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Spontaneous Retroperitoneal Hemorrhage During Oral Anticoagulant Therapy

X. Estivill Pallejà, MD; P. Domingo, MD; J. Fontcuberta, MD; J. Félez, MD
Arch Intern Med. 1985;145(8):1531-1534. doi:10.1001/archinte.1985.00360080213039.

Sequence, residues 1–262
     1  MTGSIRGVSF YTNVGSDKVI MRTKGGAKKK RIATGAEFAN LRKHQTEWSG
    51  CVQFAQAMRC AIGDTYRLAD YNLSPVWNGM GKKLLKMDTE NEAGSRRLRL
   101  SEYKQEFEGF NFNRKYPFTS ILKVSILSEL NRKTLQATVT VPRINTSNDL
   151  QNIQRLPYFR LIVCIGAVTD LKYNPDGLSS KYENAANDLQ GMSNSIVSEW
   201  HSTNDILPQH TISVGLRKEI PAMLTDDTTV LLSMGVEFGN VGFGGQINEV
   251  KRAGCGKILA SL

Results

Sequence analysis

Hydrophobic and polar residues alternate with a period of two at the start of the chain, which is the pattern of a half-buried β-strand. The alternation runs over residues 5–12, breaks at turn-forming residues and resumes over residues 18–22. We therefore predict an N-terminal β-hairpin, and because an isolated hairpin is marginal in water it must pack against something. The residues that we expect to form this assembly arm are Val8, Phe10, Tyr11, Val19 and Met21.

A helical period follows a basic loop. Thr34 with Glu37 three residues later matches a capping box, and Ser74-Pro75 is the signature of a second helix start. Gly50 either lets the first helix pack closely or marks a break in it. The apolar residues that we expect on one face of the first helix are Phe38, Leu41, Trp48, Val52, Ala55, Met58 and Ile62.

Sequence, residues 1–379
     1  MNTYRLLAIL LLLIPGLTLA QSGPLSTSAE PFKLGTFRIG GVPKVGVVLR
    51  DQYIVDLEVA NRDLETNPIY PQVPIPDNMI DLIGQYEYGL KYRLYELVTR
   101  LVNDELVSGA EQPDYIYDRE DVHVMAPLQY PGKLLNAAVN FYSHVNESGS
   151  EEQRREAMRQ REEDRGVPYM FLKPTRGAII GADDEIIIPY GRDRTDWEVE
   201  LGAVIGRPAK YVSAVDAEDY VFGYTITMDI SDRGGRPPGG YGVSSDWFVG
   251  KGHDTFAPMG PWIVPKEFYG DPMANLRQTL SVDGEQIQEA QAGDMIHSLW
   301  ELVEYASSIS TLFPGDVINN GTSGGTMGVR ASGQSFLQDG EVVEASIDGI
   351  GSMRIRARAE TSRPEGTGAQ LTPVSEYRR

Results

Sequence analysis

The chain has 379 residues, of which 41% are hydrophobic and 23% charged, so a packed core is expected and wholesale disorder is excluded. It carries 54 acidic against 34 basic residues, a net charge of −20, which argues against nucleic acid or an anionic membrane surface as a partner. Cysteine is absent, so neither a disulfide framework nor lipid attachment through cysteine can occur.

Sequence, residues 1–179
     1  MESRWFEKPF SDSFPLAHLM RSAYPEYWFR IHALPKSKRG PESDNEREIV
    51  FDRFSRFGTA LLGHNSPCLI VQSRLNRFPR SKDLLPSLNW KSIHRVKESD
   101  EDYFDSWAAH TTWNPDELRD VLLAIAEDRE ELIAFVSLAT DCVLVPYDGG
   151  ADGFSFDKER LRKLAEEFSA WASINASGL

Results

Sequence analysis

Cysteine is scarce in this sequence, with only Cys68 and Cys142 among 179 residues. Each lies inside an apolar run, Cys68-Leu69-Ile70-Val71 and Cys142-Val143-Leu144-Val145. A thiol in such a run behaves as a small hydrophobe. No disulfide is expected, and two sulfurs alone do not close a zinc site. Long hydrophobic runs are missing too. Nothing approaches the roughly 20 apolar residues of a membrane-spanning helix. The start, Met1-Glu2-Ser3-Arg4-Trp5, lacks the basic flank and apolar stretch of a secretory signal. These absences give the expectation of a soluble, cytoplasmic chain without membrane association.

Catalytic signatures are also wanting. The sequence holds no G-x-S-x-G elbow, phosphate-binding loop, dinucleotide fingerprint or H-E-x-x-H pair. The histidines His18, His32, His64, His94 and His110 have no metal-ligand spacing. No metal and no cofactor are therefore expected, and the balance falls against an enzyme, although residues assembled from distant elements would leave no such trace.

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To the Editor.  —In a recent report in the Archives Errichetti et al1 described their 4½-year experience with oral anticoagulant therapy in 141 patients. The incidence of major hemorrhagic complications in this series was 5% of the treatment courses. We would like to emphasize that the incidence of these complications diminishes as the number of patients studied increases; on the other hand, unusual and life-threatening hemorrhagic complications are most frequently seen in large series of patients and/or when patients are being managed for extended periods, as our figures suggest.From 1974 to 1983, 2,012 patients receiving oral anticoagulant therapy were treated in our anticoagulant clinic. Forty-eight percent of these courses were of six months' duration or less, corresponding to deep venous thrombosis of the lower extremities, pulmonary embolism, and cerebro vascular disease, whereas 52% represented long-lasting treatment courses in patients with valvular heart disease with one or more embolic


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